Bil’s rating (out of 5): BBB.5. USA, 1951. Metro-Goldwyn-Mayer. Screenplay by Sonya Levien, William Ludwig, suggested by the biography of Enrico Caruso by Dorothy Caruso. Cinematography by Joseph Ruttenberg. Produced by Joe Pasternak. Music by Johnny Green, Peter Herman Adler. Production Design by Cedric Gibbons, Gabriel Scognamillo. Costume Design by Helen Rose, Gile Steele. Film Editing by Gene Ruggiero. Academy Awards 1951.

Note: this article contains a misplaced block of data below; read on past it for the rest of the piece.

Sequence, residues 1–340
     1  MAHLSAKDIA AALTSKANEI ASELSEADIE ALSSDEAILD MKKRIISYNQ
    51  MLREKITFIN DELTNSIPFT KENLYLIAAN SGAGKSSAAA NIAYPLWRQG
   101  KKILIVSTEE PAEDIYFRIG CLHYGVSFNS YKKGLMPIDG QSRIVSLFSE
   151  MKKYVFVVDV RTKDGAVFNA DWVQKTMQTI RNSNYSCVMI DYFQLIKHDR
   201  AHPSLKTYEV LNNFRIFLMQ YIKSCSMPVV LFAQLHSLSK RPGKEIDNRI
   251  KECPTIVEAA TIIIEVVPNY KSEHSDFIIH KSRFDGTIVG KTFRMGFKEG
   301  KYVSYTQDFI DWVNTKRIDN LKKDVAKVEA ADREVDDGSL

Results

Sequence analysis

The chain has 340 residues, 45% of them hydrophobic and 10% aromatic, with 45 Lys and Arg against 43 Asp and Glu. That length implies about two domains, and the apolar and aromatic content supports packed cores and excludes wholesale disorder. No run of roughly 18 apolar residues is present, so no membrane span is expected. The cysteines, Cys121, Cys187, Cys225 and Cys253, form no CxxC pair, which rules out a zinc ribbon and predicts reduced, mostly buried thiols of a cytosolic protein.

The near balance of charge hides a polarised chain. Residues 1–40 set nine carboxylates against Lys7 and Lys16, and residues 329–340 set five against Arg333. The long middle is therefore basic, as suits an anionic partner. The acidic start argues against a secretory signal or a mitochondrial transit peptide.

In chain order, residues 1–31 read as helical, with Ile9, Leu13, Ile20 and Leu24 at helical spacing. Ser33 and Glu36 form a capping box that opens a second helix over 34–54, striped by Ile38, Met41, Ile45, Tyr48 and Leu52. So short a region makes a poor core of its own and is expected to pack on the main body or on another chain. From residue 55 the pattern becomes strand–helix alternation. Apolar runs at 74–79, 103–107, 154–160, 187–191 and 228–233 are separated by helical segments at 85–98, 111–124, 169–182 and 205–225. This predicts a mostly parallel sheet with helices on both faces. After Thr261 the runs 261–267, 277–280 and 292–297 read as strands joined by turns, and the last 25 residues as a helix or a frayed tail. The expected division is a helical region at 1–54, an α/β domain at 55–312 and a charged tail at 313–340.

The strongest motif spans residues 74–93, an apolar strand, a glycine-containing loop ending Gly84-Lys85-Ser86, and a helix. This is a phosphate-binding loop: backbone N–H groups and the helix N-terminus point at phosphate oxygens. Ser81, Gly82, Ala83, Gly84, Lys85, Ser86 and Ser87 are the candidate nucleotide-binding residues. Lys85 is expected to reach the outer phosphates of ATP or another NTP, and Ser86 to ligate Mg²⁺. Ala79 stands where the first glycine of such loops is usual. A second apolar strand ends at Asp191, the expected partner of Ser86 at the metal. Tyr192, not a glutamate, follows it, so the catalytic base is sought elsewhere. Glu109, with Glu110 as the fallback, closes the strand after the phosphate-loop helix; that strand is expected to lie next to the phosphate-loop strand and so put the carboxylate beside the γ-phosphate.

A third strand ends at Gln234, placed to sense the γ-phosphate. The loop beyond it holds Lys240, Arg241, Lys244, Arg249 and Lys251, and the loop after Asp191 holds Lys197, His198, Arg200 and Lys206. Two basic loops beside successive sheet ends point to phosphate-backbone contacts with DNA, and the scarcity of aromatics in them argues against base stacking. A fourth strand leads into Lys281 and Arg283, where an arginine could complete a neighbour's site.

Mario Lanza had a few short years as a box office superstar, his popularity mainly fueled by the success of this biopic of famed turn-of-the-century opera superstar Enrico Caruso. The subject is perfectly in line with the famed opera singer’s talents, taking us through Caruso’s career from his early days in Naples, where he tries to work a day job to impress the daughter of a salt merchant but finds he is too impractical for anything other than show business, through his training to his first steps on Italy’s opera stages. His giant and beautiful voice eventually takes him around the world, the toast of Europe before coming to America and finding that his debut at the Metropolitan Opera house in New York City is not welcomed in the manner to which he has become accustomed. The main reason, according to this factually adulterous film, is that the critic who dislikes him seems to have sway over all other musical opinions in town, and is that much more irritated by the fact that his daughter (played by a luminous Ann Blyth) has captured our hero’s eye. A miniscule awareness of Caruso’s real biography won’t prevent you from understanding that most of what is happening is made up, it’s rare to find an honest film about a real individual made by a Hollywood studio of this era (or a culturally accurate one for that matter, the scenes of Caruso’s childhood in Italy might as well have been set on the It’s A Small World ride at Disney World), but it does have its dark and cynical moments: a man thinks he has a voice, Caruso says in the film’s smartest scene, but he learns that it is the voice that has the man, for his talent gives him many rewards but also keeps him far away from many of his life’s most important moments. Fans of the musical genre and Lanza himself will be in heaven, as barely a word is breathed before there’s another excuse for a musical number, and he sounds and looks magnificent in all of them. Real-life opera singer Dorothy Kirsten is terrific in all her scenes as one of Caruso’s colleagues, transmitting a great deal of warmth and intelligence with ease and strength.